Blogchatter A2Z, Motherhood

Does Timeout Really Work

We as a parent often feel helpless when we see our kid misbehaving or dealing with the infamous “toddler tantrums.” Earlier, things were simple (I guess) either we used to get scolded by our parent for misbehaving or else a good thrashing awaited until dad got back home from work. Anyhow, most of us turned out well even with all those scolding and thrashing.

However, “parenting experts” these days are cohesive against physical punishment that studies repeatedly show impacts child’s emotional, moral and even intellectual growth.

So the question lies there whether to follow our parent’s footsteps?? Or go by as the experts’ advice? ,

Being a toddler’s parent how to keep yourself sane as well as the sanity of your child during meltdowns? Questions like this are often faced by us, how we can guide a 2, 3 or 4-year-old, who doesn’t have enough growth in the prefrontal cortex so far for a reason to outdo emotion, or mainly who might not have any interest in following the rules we live by!

Just like other parents, I was also introduced the concept of “Timeout.”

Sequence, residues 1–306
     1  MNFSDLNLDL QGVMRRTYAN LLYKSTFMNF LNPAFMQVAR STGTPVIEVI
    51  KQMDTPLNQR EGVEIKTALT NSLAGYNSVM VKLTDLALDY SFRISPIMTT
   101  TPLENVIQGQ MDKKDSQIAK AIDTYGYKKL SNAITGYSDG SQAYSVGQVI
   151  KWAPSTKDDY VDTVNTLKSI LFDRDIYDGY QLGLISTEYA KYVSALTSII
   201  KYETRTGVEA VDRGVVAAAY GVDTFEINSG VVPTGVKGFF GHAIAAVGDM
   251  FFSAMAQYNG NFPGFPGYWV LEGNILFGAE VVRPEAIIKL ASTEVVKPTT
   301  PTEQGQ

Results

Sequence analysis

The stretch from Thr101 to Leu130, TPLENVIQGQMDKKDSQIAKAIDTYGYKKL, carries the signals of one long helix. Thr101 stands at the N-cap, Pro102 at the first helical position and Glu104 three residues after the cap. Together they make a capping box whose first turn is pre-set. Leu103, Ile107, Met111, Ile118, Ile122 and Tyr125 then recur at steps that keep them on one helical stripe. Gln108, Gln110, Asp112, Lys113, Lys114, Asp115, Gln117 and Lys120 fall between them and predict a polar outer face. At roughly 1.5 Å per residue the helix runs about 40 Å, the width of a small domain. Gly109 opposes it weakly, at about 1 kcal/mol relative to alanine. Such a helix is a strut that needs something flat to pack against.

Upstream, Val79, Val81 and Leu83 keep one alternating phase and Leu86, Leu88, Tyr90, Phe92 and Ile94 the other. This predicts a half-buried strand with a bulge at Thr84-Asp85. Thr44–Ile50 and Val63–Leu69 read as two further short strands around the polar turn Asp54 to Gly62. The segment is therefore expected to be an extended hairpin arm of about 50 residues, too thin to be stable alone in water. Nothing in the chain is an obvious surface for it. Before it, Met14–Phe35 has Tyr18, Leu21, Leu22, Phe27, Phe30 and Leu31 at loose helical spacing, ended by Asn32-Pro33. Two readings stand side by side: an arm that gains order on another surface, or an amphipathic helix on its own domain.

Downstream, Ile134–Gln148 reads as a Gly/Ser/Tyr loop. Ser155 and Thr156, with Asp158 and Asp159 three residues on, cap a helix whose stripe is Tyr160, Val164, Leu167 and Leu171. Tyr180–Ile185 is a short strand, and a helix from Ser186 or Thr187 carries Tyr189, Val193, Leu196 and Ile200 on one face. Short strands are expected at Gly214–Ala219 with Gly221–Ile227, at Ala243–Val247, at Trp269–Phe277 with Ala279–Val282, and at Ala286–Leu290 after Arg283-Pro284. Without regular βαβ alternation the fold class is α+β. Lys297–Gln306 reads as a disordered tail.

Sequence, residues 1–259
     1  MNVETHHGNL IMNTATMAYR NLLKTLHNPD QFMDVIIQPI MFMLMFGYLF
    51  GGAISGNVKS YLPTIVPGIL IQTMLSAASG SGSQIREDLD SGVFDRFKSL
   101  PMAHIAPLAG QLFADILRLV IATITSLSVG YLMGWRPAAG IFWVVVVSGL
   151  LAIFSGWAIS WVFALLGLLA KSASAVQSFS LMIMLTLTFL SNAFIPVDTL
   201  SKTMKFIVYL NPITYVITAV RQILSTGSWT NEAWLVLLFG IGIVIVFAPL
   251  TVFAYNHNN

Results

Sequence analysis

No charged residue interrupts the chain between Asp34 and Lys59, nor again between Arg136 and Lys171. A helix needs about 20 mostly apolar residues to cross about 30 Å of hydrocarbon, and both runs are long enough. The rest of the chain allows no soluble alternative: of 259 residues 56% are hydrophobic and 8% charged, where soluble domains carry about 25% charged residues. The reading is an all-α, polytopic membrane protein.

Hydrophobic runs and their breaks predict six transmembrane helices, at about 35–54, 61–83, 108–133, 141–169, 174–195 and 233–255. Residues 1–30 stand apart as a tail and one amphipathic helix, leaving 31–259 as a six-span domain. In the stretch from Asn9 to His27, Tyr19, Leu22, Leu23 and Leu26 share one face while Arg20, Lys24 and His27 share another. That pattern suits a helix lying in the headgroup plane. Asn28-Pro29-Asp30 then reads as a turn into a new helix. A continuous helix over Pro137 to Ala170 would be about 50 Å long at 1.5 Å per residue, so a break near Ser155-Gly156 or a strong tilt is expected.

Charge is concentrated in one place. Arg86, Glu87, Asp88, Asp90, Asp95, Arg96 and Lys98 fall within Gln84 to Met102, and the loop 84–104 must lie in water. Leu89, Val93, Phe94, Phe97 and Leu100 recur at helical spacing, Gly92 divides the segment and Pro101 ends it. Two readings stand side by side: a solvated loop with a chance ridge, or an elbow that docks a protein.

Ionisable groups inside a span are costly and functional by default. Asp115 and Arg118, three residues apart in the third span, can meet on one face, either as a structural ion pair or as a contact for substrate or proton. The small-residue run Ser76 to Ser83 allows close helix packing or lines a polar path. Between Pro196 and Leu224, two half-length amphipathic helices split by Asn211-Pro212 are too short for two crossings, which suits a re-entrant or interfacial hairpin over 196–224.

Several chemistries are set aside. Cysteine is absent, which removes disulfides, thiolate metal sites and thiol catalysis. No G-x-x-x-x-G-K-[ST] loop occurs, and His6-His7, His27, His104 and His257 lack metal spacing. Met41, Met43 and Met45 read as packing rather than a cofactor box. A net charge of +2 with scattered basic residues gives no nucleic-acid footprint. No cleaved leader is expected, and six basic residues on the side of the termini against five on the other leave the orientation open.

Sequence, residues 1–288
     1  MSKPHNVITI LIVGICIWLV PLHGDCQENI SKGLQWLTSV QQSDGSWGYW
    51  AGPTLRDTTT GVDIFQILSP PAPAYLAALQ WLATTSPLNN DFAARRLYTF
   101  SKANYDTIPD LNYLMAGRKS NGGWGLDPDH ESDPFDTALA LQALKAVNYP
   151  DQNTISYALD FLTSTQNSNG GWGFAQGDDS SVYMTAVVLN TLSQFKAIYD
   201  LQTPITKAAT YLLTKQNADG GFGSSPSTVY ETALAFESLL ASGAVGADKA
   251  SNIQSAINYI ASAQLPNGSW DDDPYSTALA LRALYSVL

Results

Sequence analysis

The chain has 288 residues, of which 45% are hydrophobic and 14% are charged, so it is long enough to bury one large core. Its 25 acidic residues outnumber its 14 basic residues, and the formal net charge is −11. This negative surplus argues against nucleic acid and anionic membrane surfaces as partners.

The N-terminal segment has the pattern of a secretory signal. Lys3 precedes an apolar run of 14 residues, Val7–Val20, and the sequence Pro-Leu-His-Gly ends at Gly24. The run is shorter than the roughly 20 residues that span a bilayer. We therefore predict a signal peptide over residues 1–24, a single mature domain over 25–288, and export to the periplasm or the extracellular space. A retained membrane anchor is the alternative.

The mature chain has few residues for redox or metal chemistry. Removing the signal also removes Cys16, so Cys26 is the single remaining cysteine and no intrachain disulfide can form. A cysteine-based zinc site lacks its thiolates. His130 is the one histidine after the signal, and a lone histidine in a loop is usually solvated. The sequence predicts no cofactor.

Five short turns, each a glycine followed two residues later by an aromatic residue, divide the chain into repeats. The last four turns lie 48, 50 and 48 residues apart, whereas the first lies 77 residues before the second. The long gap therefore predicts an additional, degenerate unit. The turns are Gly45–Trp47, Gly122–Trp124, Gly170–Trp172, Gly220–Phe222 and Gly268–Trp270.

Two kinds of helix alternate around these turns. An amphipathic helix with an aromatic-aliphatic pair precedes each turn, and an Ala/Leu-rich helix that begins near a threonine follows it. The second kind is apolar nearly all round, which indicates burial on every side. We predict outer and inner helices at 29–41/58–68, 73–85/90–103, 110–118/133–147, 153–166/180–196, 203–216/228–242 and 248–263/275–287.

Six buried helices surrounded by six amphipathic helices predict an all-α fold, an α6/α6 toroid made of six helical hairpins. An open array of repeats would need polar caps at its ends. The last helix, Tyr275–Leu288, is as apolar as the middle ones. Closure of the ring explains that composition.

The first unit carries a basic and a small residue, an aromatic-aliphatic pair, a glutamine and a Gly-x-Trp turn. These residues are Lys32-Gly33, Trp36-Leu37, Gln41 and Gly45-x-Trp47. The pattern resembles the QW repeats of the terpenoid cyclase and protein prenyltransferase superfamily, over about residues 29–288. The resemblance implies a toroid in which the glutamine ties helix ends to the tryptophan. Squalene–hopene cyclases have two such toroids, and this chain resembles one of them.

On the surface, it seems a sane option, they’re non-violent yet get the child’s attention. Moreover, they grant the child and parent a much-required break from each other when the emotions are not under control. However, any child could explain to you that time-outs are punishment. Why I am saying so because I too like any other parent was unable to control my daughter’s meltdown and misbehaviors and giving her timeouts. Poor soul also got a time out in school for being naughty.

But did the timeout solve the situation?

NO! It didn’t.

And it only worsened the situation more, I realized I made her feel bad about herself and somewhere I corroded my relation to her. I agree that timeouts are considerably better than hitting, but they impart the wrong lessons, and they certainly don’t work to shape them in well-behaved children. Here’s why.

  • It makes kids perceive themselves as bad people.